These are some of the most uplifting and encouraging words in the Bible. They are filled with promises, as well as calls to be filled with love, knowledge, and discernment that come from knowing Jesus so that we can be all that God intends us to be in Him.
Intercessory prayer is a mighty weapon in this battle between good and evil that we call “the great controversy.” One of the clearest revelations of this struggle is in Daniel 10.
You will recall that the prophet Jeremiah predicted that the Jews would be in bondage to the Babylonians for 70 years. At the end of Daniel’s life, this prophetic period of the Jewish captivity was coming to an end. Daniel was concerned. He saw little evidence of the fulfillment of Jeremiah’s words. His people were still in bondage.
Babylon was overcome by the Medes and Persians, but the Jews still remained in bondage. Daniel fasted and prayed for three weeks. He earnestly interceded for his people. At the end of the three weeks, a glorious angelic being appeared to him.
This is a fascinating passage. To understand it fully, let’s identify some of the characters. Who is the prince of the kingdom of Persia? Certainly not Cyrus. He is the king of the Persian Empire. It is most likely that the expression “the prince of the kingdom of Persia” represents Satan. Jesus called him “the prince of this world” or “the ruler of this world” (John 12:31, John 14:30). Paul labeled him “the prince of the power of the air” (Eph. 2:2). If the prince of Persia represents Satan, then who is Michael? The name “Michael” is used five times in the Bible (Rev. 12:7; Jude 9; Dan. 10:13, 21; and Dan. 12:1). A careful study of these passages reveals that Michael (which means “Who is like God?”) is another term to describe Jesus as the Commander of all the angels in direct combat with Satan. Christ is the eternal, preexistent, all-powerful, divine Son of God. One of His functions as Commander of all of the angels is to defeat and eventually destroy Satan.
Daniel 10 draws the curtain aside and reveals this struggle between good and evil. As Daniel prays, Michael, the almighty Jesus, descends from heaven to beat back the forces of hell. Although we may not see it, Jesus is at work to answer our prayers of intercession, as well. He is a mighty Savior. Not one of our prayers goes unnoticed.
Throughout the Bible, there is an emphasis on specificity in prayer. Prayer is not some vague longing of the soul. It presents God with specific requests. Jesus prayed specifically for His disciples. The apostle Paul prayed very specifically for the Ephesian, Philippian, and Colossian Christians. He prayed for his young colleagues, such as Timothy, Titus, and John Mark.
Both Samuel and Job emphasize the need for earnest, heartfelt, specific intercession. Samuel’s words are quite strong. He cries out, “ ‘Far be it from me that I should sin against the Lord in ceasing to pray for you’ ” (1 Sam. 12:23, NKJV). We can almost hear the echo of Samuel’s prayer in Job’s words, “ ‘Oh, that one might plead for a man with God’ ” (Job 16:21, NKJV). Pleading with God for men and women who do not know Christ is our work.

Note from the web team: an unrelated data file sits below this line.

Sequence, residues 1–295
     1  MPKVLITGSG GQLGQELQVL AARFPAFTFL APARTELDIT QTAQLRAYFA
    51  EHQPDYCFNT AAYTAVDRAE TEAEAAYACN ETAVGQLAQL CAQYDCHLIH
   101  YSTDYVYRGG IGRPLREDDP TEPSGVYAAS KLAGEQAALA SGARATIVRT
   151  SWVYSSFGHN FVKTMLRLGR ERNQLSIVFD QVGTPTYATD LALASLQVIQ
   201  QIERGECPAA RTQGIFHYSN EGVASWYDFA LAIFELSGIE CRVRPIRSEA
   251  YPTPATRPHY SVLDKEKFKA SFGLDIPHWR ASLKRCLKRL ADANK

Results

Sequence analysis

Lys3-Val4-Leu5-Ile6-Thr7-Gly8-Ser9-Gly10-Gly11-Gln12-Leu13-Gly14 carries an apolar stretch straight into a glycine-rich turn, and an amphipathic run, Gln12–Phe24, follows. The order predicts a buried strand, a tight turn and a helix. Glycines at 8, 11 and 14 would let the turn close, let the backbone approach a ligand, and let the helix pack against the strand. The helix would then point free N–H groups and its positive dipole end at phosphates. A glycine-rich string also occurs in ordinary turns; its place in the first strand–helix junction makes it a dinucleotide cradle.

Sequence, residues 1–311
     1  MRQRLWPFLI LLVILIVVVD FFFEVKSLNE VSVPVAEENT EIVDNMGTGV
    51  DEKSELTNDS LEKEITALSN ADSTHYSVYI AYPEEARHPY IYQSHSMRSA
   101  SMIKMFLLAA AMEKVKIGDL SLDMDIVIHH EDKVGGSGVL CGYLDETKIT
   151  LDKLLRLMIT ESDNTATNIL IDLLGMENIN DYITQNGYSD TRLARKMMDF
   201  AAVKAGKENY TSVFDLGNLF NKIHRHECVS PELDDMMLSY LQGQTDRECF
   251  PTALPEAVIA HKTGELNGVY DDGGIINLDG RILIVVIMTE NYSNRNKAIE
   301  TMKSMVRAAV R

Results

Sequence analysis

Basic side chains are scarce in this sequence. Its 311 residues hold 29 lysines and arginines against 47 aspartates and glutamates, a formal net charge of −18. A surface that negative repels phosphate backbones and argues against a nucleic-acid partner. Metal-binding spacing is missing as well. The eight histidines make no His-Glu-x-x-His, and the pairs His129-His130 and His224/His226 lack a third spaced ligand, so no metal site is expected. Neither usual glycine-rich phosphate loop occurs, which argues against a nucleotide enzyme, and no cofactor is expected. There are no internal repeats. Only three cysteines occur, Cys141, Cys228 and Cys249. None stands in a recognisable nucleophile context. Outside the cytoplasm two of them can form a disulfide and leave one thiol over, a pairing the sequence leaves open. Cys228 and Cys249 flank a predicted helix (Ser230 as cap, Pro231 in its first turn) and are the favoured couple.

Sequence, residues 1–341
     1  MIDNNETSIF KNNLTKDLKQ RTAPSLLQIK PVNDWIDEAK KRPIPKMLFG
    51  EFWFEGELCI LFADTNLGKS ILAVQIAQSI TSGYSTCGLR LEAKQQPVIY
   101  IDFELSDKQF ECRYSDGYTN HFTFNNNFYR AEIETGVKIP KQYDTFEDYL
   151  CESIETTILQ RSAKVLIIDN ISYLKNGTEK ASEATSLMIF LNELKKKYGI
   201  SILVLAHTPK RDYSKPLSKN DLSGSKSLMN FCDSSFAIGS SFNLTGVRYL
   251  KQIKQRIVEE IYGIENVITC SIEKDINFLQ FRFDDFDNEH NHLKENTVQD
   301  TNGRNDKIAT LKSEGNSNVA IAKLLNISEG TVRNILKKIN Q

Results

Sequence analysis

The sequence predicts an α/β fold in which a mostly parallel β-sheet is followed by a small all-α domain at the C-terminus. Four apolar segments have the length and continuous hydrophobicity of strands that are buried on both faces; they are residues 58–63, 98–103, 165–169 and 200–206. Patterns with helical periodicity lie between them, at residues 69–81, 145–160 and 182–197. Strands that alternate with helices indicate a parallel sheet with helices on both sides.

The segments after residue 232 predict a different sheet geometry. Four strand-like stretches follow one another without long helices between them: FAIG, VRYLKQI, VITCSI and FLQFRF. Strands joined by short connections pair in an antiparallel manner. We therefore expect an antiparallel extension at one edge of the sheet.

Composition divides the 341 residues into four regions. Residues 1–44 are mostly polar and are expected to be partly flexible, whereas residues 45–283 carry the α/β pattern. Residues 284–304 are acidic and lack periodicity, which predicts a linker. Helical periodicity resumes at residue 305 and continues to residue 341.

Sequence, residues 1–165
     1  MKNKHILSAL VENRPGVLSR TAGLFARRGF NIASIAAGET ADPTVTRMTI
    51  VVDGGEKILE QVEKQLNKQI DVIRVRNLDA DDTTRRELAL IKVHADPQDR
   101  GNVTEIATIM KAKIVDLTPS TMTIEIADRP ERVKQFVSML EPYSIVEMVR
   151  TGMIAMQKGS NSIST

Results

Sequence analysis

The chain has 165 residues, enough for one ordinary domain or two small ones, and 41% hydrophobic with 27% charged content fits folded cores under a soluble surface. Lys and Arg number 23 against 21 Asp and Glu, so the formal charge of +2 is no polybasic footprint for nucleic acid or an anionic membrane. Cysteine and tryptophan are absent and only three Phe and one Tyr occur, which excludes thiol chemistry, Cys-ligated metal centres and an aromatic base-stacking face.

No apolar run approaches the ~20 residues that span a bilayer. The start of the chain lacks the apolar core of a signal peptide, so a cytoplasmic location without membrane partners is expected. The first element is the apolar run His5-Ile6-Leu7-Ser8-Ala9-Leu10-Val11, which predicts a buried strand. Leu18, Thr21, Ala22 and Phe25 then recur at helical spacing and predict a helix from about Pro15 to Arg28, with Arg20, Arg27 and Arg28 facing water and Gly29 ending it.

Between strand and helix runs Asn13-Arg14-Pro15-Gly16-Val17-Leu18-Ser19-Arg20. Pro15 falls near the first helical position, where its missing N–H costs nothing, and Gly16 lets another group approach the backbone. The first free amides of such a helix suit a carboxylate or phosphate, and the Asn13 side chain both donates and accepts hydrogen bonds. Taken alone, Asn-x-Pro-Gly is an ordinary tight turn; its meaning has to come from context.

When we pray for others, we become a channel of God’s blessing to them. He pours out the river of the water of life from heaven’s throne through us to them. Satan’s whole host trembles at the sound of earnest intercession. Ellen G. White describes the power of prayer in these significant words: “Satan cannot endure to have his powerful rival appealed to, for he fears and trembles before His strength and majesty. At the sound of fervent prayer, Satan’s whole host trembles.”—Testimonies for the Church, vol. 1, p. 346. Prayer connects us with the Source of divine power in the battle for the souls of lost men and women.
Further Thought: Read Ellen G. White, “The Privilege of Prayer,” pp. 93–104, in Steps to Christ; “Work for Church Members,” pp. 19–24, in Testimonies for the Church, vol. 7.
When we pray for others, God honors our commitment to Him and our dependence on His power by employing all of the resources of heaven to transform human lives. As our prayers ascend to His throne, angelic beings spring into action at His command. “Ministering angels are waiting about the throne to instantly obey the mandate of Jesus Christ to answer every prayer offered in earnest, living faith.”—Ellen G. White, Selected Messages, book 2, p. 377. We have the assurance that not one prayer is lost, not one is forgotten by God. They are stored up in heaven to be answered at the time and place that He knows best. “The prayer of faith is never lost; but to claim that it will be always answered in the very way and for the particular thing we have expected, is presumption.”—Ellen G. White, Testimonies for the Church, vol. 1, p. 231. What encouragement this gives us as we intercede for our spouses, our sons and daughters, relatives, friends, and work associates who do not know Christ. Not one sincere prayer is ever lost. We may not always see immediate answers in those we pray for, but God is moving upon their hearts in ways we will know only in eternity.